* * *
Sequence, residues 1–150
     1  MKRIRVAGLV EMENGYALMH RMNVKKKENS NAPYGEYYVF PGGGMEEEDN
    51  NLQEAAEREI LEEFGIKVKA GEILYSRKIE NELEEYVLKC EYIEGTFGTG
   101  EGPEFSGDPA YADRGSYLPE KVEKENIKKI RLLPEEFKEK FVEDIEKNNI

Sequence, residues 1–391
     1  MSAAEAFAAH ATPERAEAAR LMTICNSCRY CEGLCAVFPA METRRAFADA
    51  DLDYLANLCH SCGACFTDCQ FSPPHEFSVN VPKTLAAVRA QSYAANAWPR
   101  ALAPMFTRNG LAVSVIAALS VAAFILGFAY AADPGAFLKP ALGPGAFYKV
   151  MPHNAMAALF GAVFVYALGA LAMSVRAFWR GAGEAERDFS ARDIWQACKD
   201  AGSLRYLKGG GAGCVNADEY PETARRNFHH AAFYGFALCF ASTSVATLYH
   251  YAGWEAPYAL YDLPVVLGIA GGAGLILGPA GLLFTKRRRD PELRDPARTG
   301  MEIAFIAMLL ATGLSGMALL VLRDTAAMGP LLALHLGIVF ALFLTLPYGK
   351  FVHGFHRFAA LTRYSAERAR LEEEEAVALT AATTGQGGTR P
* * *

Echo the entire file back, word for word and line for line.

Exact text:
Sequence, residues 1–150
     1  MKRIRVAGLV EMENGYALMH RMNVKKKENS NAPYGEYYVF PGGGMEEEDN
    51  NLQEAAEREI LEEFGIKVKA GEILYSRKIE NELEEYVLKC EYIEGTFGTG
   101  EGPEFSGDPA YADRGSYLPE KVEKENIKKI RLLPEEFKEK FVEDIEKNNI

Sequence, residues 1–391
     1  MSAAEAFAAH ATPERAEAAR LMTICNSCRY CEGLCAVFPA METRRAFADA
    51  DLDYLANLCH SCGACFTDCQ FSPPHEFSVN VPKTLAAVRA QSYAANAWPR
   101  ALAPMFTRNG LAVSVIAALS VAAFILGFAY AADPGAFLKP ALGPGAFYKV
   151  MPHNAMAALF GAVFVYALGA LAMSVRAFWR GAGEAERDFS ARDIWQACKD
   201  AGSLRYLKGG GAGCVNADEY PETARRNFHH AAFYGFALCF ASTSVATLYH
   251  YAGWEAPYAL YDLPVVLGIA GGAGLILGPA GLLFTKRRRD PELRDPARTG
   301  MEIAFIAMLL ATGLSGMALL VLRDTAAMGP LLALHLGIVF ALFLTLPYGK
   351  FVHGFHRFAA LTRYSAERAR LEEEEAVALT AATTGQGGTR P